Bing Blog

On not getting too entangled with the Web

Tangled Up

John Markoff in today's NY Times relates how Apple (AAPL) and Microsoft (MSFT) are getting together to make sure that the next time they both introduce operating systems they are "relevant in an increasingly Web-centered world."

I find this vaguely threatening. Not the part about the two behemoths dancing, I'm way over that. Anybody who worries about consolidation at this point is missing the boat. Every industry - advertising, media, transportation, music, fast food - is agglutinizing, finding operating synergies and economies of scale and blah de blah blah and so forth. Those who do not work on this sized canvas must now swallow their own tongues and die.

No, I'm more concerned about another trend that I'd like to stop right now. I hasten to add that I've been incredibly unsuccessful in the past about this. Back in the late 1980s, I tried to stop the fax machine, which I felt would destroy procrastination as we then knew it. And so it did. Later, I foresaw the danger of ubiquitous accessibility represented by e-mail, cell phones and, of course, the BlackBerry. All in vain. The earth turns. Fish gotta swim. Birds gotta fly. Man gotta be reachable on the beach in Costa Alegre.

But now what they're talking about is taking all our operating systems, all our applications and all our data and putting it up on some motherlode hard drive somewhere. Our tools and work product will then be wirelessly downloaded to us from Mother wherever we are. No more Windows. No more OS X. Just little mini-applications that do what we want to do. No more big hard drives on our desktops and laptops. All storage can be done with Mother. No more iPods, because all existing music will be located somewhere in Mother's capacious bosom and streamed to us from the nipple of the Web.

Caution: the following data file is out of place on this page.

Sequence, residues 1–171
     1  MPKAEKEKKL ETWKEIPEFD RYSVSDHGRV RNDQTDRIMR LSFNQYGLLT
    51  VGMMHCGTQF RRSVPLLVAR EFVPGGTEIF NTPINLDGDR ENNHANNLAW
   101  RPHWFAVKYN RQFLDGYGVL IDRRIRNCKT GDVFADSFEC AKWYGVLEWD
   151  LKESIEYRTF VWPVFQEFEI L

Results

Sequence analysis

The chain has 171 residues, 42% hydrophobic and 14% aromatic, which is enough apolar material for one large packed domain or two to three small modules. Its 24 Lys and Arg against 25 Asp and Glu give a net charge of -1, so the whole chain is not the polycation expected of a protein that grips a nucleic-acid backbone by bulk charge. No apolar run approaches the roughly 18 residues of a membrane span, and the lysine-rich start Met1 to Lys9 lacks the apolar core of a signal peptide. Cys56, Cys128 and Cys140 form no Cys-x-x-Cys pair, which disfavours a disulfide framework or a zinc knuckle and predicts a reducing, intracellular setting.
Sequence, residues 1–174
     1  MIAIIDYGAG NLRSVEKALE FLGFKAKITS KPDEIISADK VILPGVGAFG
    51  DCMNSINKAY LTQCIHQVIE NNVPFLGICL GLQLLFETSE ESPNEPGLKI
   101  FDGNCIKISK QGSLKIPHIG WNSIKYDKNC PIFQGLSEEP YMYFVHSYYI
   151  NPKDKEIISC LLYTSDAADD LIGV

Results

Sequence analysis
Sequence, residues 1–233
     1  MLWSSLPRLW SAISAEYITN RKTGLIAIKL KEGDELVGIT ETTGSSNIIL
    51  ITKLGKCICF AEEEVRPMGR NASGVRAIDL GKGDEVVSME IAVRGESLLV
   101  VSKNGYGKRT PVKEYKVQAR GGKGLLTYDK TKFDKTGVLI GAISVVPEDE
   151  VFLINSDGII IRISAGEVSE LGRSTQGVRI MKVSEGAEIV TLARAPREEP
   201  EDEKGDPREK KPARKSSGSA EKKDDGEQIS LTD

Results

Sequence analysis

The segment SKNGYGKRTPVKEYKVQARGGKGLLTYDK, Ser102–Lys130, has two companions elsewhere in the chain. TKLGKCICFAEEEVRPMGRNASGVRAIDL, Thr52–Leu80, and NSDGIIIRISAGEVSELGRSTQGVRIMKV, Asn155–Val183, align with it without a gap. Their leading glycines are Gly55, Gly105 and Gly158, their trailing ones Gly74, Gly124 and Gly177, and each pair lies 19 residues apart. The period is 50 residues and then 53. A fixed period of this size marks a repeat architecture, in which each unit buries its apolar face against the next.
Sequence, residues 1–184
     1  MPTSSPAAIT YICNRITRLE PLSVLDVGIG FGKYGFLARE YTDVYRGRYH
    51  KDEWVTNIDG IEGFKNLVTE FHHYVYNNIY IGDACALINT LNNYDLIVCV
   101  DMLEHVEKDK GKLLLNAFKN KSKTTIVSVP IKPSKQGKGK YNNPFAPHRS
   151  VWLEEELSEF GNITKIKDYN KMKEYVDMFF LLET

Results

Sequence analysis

As Mr. Horse used to say in Ren and Stimpy, "No sir. I don't like it."

I like Word. It's a good program. It's been nice to me. It's got a lot of functions, a lot of fonts and I'm as loyal to it as I am to American automobiles.

I like Photoshop. In fact, I like all those big, fat, monolithic digital photography programs that help me edit my pictures. I also like to save my pix in really big files, so they print well. Mother hates really big files. She wants things neat and transmittable over the ether. Not everything should be itty-bitty and easily downloadable!

I don't want my storage to be elsewhere. I want it here, in my home, and no place else. Last time I looked, part of being a grown-up is not having to ask Mommy every time I want a byte. Empowerment! That's the ticket.

And you know what? I like OS X, whether it's Tiger, or Leopard, or Budgerigar. It's a calm, unified place to go, where everything works as it's supposed to and nothing ever crashes in my face. I don't want a collection of convenient little mini-bots. In fact, if I never see another bot it will be too soon for me.

I am me. I am I. I am not going to go quietly into the vast, seductive digital collective mindspace that awaits. How about you?

7 Comments Add Comment

Don't worry. Your PC hard drive is not going anywhere. Any schemme which turns "computer owners" into "access renters" is doomed to fail. It goes against the broader and computer culture. I believe Oracle had some scheme in the 1990s to sell everybody super cheap terminals with no HD which they could use to access rented applications. It fell horribly flat, they cancelled the project after almost zero sales and their stock suffered.